Author

Brennan Quenneville

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Kickers are like toilets: You hardly notice them when they’re working but when they break down things get shitty in a hurry. And on Sunday kickers around the league broke down. How bad was it? Well, it was worse than the Browns’ strange decision to part ways with Josh Gordon due to a lack of “trust” after tolerating years of his off-field issues. And it was worse than Vontae Davis’s retirement which took place at halftime of a game that he was playing in. So, yeah, it was pretty bad.

Although this is probably still the headline of the week.

Two kickers had merely unfortunate days: With the Raiders playing a division rival in Denver, Raiders kicker Mike Nugent had an extra point blocked which would have been a disappointing but relatively uninspiring outcome save that Nugent’s team went on to lose by one, on a last-minute field goal, no less. (At least someone else is taking the blame for that blocked kick.) And earlier in the day, Packer’s kicker Mason Crosby1 booted what would have been a game-winning kick through the uprights as time expired only to have been iced just before the snap. He hooked the re-kick wide left and the Pack wound up settling for a tie.

In his first career start, Buffalo Bills quarterback Nathan Peterman threw five interceptions on 14 pass attempts. He was benched at halftime. In his second start, Peterman completed 50% of his passes1 for a total of 57 yards before leaving the game in the third quarter due to injury. On Sunday Peterman started for the third time in his NFL career. He completed five of 18 passes for 24 yards, two interceptions and a quarterback rating of zero. It was the type of horrible quarterbacking performance that keeps NFL coaches and executives up at night.

Coming off their first playoff appearance in nearly two decades, the Bills were riding a wave of positive momentum into the off-season but how they chose to handle that momentum was, let’s say, curious. The team decided, rather bizarrely, to chase Tyrod Taylor out of town, trashing the quarterback who got them to the playoffs in favor of trading multiple picks to draft the divisive Josh Allen. Whether or not you liked the selection of Allen, the Bills’ decision to take it slow with such a raw prospect was a sound one, especially after the team signed momentary-Browns-savior A.J. McCarron to be its bridge quarterback. And here’s where the wheels come off.

When I saw that the Dolphins had signed wideout Albert Wilson to a three-year contract worth $24 million I assumed that there must be some other much more successful Albert Wilson that I had somehow never heard of. Surely that contract with those terms couldn’t have been for the diminutive speedster who played his first four years in Kansas City. Let’s check the press release and—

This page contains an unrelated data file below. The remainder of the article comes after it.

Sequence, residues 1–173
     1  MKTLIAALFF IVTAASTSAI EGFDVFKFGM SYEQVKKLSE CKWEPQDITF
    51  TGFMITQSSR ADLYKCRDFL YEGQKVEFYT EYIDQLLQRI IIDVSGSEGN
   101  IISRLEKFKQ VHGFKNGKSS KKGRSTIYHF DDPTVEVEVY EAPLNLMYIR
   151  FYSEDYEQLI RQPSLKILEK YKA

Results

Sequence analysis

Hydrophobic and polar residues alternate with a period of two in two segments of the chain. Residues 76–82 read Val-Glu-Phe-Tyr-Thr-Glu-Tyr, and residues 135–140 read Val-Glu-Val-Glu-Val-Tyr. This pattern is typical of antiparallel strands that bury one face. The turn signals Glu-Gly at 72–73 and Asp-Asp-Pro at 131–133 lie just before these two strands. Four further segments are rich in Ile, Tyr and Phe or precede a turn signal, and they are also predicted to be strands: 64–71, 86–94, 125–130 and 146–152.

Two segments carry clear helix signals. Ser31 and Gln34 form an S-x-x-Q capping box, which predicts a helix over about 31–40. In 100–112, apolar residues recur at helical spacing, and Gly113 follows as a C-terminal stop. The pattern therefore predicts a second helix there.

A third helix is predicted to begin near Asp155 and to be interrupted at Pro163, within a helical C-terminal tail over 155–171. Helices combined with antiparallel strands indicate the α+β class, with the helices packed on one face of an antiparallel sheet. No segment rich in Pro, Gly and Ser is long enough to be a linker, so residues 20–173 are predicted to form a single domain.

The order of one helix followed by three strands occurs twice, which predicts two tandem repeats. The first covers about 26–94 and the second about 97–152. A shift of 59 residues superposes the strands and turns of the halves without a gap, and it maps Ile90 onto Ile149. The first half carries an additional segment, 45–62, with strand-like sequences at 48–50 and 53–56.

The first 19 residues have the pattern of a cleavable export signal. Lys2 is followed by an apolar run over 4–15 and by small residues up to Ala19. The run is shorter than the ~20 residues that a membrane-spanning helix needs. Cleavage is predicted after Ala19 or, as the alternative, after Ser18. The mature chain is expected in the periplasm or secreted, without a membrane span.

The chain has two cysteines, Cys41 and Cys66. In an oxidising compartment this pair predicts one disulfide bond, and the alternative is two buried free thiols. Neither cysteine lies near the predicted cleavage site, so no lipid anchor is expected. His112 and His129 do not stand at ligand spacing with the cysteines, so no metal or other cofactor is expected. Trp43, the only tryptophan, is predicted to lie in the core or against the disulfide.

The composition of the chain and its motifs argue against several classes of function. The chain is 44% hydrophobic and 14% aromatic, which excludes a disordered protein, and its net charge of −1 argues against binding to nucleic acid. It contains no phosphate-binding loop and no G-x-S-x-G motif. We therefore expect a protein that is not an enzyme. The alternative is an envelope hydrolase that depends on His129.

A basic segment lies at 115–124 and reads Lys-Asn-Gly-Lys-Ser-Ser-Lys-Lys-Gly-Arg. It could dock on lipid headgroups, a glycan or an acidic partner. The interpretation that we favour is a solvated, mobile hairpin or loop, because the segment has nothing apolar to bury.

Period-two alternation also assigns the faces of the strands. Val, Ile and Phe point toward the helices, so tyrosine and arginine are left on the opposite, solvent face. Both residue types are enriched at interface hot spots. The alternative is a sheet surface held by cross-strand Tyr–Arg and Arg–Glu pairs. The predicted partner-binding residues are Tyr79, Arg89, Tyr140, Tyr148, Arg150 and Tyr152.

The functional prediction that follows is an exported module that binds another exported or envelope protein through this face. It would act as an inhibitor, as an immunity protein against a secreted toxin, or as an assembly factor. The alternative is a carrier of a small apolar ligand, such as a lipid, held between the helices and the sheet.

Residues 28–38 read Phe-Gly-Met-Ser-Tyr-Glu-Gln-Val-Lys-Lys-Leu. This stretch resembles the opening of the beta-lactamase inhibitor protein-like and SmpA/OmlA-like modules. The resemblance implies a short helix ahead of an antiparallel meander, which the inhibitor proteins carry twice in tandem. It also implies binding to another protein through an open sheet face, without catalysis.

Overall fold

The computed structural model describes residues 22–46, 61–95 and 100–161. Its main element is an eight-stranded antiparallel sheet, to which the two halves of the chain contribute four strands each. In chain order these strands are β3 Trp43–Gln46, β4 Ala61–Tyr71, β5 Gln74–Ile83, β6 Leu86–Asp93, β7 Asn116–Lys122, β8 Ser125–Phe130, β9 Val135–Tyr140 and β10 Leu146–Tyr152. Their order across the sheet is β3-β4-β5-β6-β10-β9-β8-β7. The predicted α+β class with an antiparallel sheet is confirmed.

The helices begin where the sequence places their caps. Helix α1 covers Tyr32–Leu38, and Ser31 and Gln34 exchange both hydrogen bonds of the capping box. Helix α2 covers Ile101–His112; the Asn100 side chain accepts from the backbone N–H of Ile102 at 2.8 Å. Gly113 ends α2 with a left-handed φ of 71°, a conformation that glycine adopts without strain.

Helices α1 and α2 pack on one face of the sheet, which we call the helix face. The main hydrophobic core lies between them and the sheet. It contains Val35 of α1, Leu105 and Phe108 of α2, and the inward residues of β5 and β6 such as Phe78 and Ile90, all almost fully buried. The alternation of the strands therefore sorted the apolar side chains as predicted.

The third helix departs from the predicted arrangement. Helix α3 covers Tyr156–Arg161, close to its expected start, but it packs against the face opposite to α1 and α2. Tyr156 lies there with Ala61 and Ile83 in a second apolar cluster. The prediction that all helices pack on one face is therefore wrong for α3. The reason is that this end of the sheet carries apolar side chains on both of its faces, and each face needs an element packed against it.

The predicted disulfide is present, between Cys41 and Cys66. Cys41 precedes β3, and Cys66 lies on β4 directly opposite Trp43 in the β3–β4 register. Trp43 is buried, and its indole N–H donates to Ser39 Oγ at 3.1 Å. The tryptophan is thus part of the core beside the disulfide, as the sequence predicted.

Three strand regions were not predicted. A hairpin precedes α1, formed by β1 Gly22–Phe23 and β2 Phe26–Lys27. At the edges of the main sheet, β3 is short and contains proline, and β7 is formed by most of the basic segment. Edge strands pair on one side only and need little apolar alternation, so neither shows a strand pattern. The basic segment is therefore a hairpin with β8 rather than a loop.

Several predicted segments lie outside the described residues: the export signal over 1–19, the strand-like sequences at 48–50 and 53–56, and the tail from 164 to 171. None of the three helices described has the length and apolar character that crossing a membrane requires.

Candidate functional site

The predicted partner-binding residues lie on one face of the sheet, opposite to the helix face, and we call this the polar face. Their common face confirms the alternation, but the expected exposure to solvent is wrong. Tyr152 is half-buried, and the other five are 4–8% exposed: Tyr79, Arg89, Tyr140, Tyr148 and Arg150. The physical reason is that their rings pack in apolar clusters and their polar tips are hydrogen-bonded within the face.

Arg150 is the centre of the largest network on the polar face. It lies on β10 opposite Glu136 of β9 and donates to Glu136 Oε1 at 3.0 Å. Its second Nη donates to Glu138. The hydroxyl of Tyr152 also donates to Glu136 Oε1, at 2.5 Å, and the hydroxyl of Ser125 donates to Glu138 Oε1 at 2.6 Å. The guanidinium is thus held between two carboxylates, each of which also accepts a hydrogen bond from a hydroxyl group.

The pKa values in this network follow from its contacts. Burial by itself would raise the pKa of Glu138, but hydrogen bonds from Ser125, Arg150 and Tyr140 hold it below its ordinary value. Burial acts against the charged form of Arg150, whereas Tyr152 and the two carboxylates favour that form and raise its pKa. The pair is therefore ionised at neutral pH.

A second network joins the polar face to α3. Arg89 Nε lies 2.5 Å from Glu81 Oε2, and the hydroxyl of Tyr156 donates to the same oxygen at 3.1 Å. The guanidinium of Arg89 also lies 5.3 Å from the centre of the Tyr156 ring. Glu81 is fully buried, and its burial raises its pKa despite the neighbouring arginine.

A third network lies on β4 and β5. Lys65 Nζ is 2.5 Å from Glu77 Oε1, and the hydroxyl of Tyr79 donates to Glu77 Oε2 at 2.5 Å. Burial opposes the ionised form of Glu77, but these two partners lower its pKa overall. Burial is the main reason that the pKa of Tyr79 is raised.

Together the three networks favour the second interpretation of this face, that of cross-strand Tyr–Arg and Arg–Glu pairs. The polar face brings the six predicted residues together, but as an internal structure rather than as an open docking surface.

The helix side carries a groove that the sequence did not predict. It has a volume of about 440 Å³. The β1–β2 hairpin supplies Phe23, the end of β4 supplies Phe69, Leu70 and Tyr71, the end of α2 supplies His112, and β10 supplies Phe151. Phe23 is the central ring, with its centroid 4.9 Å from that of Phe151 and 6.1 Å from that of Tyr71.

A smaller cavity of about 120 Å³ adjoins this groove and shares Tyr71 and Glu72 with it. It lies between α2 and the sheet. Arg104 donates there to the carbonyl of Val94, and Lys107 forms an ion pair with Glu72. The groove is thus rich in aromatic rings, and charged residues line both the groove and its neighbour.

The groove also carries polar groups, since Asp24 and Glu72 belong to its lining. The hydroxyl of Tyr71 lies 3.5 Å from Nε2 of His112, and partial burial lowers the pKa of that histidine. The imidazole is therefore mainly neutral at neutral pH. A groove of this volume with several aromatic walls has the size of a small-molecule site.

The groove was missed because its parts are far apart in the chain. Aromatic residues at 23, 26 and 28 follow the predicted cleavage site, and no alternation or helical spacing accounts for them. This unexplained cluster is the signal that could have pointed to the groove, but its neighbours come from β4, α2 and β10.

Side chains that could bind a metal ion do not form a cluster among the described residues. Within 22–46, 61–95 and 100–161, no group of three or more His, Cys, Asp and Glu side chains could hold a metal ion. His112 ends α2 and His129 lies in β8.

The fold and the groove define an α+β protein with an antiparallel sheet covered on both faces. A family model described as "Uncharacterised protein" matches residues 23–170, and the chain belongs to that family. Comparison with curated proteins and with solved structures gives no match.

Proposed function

Well, shit.

How exactly is it that Wilson, a former undrafted free agent who is all of 5’9” and whose career-best stat-line reads 42-554-3, found himself on the receiving end of more than $14 million guaranteed? Well, apparently middling wideouts are the new mediocre quarterbacks. This summer NFL teams were falling all over themselves to dole out huge sums of unearned cash to receivers whose performance simply doesn’t warrant it.

A little after 4pm on Sunday the Cleveland Browns lost to the Pittsburgh Steelers, plunging them to the NFL’s second-ever 0-16 finish. The loss would have been soul crushing if only there had been any souls left to crush in Cleveland. Bad as the Browns season finale was, though, it wasn’t the worst of the day. There’s a strong case to be made that the Browns reached a new level of misery on Sunday but the drop from 1-15 to 0-16 is a lot less dramatic than the fall from making the playoffs to missing them.

Of all the teams with a chance to claim a playoff spot on the final day of the regular season, the Baltimore Ravens entered Sunday’s matchup with the Cincinnati Bengals with the best odds of making the postseason. Per ESPN’s Football Power Index, the Ravens had a 97% chance of making the playoffs on Sunday morning – almost 30% higher than the team with the next best odds – and with the game against Cincinnati winding down, the Ravens seemed to have it in the bag. After trailing all game, they had stormed back to take their first lead of the day late in the 4th quarter. With Cincinnati facing a 4th and 12 at the Baltimore 49-yard line, with 53 seconds on the clock and the Bengals out of timeouts, the Ravens needed just one stop to punch their ticket to the postseason.

On October 0th the San Francisco 49ers sent a 2nd round draft pick to the New England Patriots for Tom Brady’s understudy, Jimmy Garoppolo. As San Francisco head coach Kyle Shanahan opted to take things slow with his potential franchise quarterback, Garappolo didn’t start a game until December 3rd but since then, well, let’s just say that the 49ers have to be happy with how that trade worked out.

“Good thing that Brady trade didn’t work out.”